A proposal that would add a gondola system to South First and Guadalupe streets gained momentum today after a regional mobility agency approved funding a feasibility study.
The Central Texas Regional Mobility Authority board approved splitting the cost of the $15,000 feasibility study with the city of Austin and the city’s transit agency, Capital Metro. Each organization would pay about $5,000, and the Texas A&M Transportation Institute will conduct the nine-week study, said Jeff Dailey, the Mobility Authority’s deputy executive director.
“The object is to provide information on the strengths and weaknesses of this [proposal] for consideration for further study,” he said. “They’re going to look at research documentation, operations and maintenance costs of other systems and provide an independent, high-level assessment and also look at the effectiveness of it as a transit system.”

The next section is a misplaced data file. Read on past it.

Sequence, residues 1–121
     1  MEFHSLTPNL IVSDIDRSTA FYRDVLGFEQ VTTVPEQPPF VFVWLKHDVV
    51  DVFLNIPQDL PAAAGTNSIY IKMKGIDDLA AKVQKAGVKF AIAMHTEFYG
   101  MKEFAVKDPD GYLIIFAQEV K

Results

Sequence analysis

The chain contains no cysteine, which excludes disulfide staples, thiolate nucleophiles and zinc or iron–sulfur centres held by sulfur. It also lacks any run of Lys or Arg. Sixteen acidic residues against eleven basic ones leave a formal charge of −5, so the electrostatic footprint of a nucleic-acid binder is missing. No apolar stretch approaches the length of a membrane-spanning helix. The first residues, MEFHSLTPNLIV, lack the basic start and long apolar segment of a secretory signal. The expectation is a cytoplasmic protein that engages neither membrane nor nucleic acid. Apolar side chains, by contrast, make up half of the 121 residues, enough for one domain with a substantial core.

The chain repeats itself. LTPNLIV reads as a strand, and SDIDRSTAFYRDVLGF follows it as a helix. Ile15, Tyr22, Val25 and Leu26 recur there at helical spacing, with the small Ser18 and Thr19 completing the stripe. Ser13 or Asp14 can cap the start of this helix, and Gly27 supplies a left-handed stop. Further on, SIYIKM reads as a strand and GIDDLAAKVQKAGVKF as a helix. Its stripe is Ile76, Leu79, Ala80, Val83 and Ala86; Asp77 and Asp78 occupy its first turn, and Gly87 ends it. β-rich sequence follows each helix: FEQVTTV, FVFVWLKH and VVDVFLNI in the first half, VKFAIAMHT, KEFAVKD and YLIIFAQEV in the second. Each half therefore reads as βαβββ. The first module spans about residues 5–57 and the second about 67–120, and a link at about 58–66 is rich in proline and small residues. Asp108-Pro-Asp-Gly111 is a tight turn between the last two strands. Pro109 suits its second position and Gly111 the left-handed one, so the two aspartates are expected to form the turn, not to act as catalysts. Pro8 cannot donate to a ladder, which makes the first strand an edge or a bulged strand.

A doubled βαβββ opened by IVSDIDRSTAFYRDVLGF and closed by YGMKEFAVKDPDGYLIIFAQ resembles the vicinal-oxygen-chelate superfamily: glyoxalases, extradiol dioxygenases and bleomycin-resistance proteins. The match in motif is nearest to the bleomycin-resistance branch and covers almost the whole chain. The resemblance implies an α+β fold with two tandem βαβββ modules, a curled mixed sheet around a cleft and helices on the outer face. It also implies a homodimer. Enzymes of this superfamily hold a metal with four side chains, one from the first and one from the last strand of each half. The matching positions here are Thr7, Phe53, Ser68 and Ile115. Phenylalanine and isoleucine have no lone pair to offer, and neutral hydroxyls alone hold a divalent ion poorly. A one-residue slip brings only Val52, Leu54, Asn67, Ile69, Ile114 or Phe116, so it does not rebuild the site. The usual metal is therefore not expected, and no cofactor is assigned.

Other areas of study will include demand and capacity for a gondola system, environmental impact, safety issues and financing, according to Mobility Authority documents.
Board chairman Ray Wilkerson said the gondola system is an example of the other types of projects the Mobility Authority is able to consider besides toll roads. The organization was created to look at relieving congestion in a variety of modes, he said.
“Whether this goes further or not, I’m glad that this board is open-minded enough to start discussing other avenues,” he said.” … The fact that we are able to do that and [it] is part of our direction, then I’m in favor of moving forward with these type of items that come up more often to look for what we can do to relieve congestion in Central Texas.”
The Mobility Authority first heard a proposal Sept. 7 for The Wire urban cable concept, which is an 8-mile-long detached gondola system similar to those at ski resorts. The Wire is proposed to operate between Slaughter Lane and The University of Texas campus, said Jared Ficklin, partner and lead creative technologist at Argodesign, the company promoting the concept.
Ficklin said Sept. 7 that The Wire would have 19 stations and be able to transport between 2,400 and 6,000 riders per hour. Stations would be located over roadways with ramps connecting to sidewalks or double as pedestrian bridges. Estimated costs for the project are between $290 million and $600 million, he said.